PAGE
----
Billionaire George Soros certainly evokes some rather divided feelings due to his entrance into the realm of politics. But there's no denying his prowess as a money manager. His namesake fund, Soros Fund Management, has been one of the most successful at growing investors' capital over the past four-plus decades. And that's why the quarterly activity of the Soros Fund remains a focal point for many investors.
Interestingly, Soros' capital management team purchased over $2.1 million worth of shares of rare-disease and cancer drugmaker Aeglea BioTherapeutics (NASDAQ:AGLE) in the second quarter of this year. Now, if you've never heard of this small-cap biotech, you're probably not alone.
Aeglea, after all, has only been a publicly traded company for a little over two years and the biotech hasn't made any major waves since doing so. Aeglea's stock has actually lost 5.8% of its value since its initial public offering on April 7, 2016, which is rather convincing evidence that the market hasn't been particularly enthusiastic about this relative newcomer so far.
With Aeglea starting to attract top investors like Soros, however, this situation might be about to change for the better soon. Should investors take a cue from Soros' top-shelf money managers, or is this clinical-stage biotech still too risky to consider? Let's dig deeper to find out.
Aeglea is nearing an inflection point
Unlike classic value investors like Warren Buffett, Soros and his team have made their bones, so to speak, by playing the momentum game. To do so, Soros Fund Management often buys smallish positions in stocks barreling toward a pivotal event and then they buy more if the stock begins to move as predicted. Aeglea appears to fit that momentum-driven investing thesis perfectly.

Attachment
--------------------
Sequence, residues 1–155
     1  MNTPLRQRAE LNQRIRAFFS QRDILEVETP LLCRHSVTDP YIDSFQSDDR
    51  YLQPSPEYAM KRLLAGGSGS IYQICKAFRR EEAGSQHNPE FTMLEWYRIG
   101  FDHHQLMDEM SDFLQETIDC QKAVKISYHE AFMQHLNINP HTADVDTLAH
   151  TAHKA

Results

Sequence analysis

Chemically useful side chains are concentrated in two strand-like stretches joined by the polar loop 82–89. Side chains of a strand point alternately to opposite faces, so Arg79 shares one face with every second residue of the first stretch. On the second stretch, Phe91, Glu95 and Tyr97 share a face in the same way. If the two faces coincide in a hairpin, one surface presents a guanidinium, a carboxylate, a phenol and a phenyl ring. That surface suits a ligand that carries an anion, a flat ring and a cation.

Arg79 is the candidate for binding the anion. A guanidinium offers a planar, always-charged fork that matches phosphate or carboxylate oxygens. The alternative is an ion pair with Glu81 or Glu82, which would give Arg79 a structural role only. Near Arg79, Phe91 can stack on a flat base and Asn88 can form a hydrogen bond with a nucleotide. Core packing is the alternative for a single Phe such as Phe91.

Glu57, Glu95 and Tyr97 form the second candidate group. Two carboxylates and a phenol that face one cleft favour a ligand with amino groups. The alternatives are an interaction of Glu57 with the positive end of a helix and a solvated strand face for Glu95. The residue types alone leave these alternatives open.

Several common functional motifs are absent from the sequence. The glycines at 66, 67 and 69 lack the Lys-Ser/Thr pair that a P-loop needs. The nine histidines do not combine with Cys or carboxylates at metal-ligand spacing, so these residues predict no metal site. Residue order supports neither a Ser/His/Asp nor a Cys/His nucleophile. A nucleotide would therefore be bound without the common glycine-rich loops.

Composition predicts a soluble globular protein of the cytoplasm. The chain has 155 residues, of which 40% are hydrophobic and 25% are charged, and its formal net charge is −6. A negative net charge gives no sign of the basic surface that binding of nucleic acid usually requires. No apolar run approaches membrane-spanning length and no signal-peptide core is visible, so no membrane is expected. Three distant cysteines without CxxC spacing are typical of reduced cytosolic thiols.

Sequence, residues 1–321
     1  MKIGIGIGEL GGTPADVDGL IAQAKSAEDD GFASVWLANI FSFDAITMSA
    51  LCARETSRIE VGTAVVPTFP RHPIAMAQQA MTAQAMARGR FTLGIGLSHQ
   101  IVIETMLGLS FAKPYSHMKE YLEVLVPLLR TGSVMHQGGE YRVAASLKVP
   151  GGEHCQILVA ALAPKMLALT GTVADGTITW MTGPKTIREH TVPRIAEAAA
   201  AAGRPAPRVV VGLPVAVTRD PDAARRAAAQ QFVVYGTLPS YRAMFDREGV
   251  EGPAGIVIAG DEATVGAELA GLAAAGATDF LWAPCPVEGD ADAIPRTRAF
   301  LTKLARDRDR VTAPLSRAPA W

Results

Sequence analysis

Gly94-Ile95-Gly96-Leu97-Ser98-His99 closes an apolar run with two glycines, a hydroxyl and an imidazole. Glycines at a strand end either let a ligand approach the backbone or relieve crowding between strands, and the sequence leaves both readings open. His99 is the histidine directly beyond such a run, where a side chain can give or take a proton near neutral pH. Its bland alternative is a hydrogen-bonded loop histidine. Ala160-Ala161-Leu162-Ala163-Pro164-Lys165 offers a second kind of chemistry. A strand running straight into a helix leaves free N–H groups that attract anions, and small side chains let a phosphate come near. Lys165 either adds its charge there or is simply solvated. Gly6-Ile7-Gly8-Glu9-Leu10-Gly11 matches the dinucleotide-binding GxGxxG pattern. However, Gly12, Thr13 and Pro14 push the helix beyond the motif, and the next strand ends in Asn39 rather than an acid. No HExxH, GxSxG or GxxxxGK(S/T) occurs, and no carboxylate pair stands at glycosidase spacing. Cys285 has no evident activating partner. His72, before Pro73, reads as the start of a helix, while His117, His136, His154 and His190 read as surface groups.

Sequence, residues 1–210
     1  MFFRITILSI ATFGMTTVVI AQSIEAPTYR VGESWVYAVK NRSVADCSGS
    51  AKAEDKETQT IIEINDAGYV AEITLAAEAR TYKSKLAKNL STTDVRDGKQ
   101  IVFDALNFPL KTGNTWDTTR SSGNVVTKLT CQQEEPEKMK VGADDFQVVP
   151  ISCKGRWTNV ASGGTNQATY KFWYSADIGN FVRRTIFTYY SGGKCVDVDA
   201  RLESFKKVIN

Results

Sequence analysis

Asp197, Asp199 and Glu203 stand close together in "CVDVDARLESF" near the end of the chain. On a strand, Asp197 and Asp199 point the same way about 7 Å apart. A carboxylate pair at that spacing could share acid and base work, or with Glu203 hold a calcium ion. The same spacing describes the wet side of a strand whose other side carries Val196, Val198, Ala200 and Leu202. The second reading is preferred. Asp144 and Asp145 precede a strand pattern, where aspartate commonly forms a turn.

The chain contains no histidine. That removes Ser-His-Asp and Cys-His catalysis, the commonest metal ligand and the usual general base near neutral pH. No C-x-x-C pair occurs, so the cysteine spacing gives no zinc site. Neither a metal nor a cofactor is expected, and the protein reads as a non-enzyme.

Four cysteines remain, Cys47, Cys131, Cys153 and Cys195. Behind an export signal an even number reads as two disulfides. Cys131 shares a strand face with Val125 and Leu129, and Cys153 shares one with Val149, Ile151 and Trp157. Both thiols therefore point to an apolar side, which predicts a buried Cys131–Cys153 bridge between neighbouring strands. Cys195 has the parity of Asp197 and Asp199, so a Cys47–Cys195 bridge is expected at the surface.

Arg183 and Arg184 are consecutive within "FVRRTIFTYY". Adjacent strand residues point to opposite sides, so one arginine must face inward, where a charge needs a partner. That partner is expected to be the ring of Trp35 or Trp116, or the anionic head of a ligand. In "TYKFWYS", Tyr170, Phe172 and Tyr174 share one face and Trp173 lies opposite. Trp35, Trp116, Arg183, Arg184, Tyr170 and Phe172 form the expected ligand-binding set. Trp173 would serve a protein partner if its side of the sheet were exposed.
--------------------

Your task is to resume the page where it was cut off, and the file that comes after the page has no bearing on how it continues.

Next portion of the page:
Aeglea's lead investigational candidate, pegzilarginase, is set to roll out multiple clinical updates in the next three months as a potential treatment for the ultra-rare condition known as Arginase 1 Deficiency or ARG1-D for short. ARG1-D is an autosomal recessive disorder of the urea cycle that causes toxic levels of arginine to accumulate in the blood, according to the company's latest presentation.
With an incidence rate of around 1 in every 950,000 live births and no treatments specifically approved for this inherited disease, pegzilarginase would undoubtedly garner an eye-popping price tag in a manner similar to other rare-disease drugs and therapies, if approved.
This treatment would also likely enjoy an extended period of exclusivity, thanks to the extreme level of rarity for its first indication, as well as an overall dearth of would-be competitors in development right now. Pegzilarginase should therefore be able to generate respectable sales figures for a lengthy period of time, if everything goes according to plan.
In addition, Aeglea is investigating this treatment as a monotherapy for small-cell lung cancer (SCLC) and melanoma, as well as part of a combination therapy with Merck's Keytruda for SCLC. While this line of inquiry is rather novel from a cancer treatment perspective, this second batch of indications does offer investors another set of high-value catalysts that could drive growth well into the future.
Is this clinical-stage biotech a buy?
Although Aeglea is a clinical-stage biotech that has yet to validate its platform, there is a lot to like about this stock right now. Experimental treatments for ultra-rare conditions such as ARG1-D tend to sport breakneck development timelines and these types of therapies are also often approved with far less evidence of efficacy compared to their closely related cousins for "rare" diseases. Aeglea could thus realistically transform into a commercial operation within just a few short years.
As a result, Aeglea's stock appears poised for healthy gains as pegzilarginase's clinical program continues to mature. Of course, there's no guarantee of success with any investment in the risky world of clinical-stage biotechs. But this name seems to have the odds tilted firmly in its favor -- at least based on the overwhelmingly positive track record of ultra-rare disease drugmakers in general.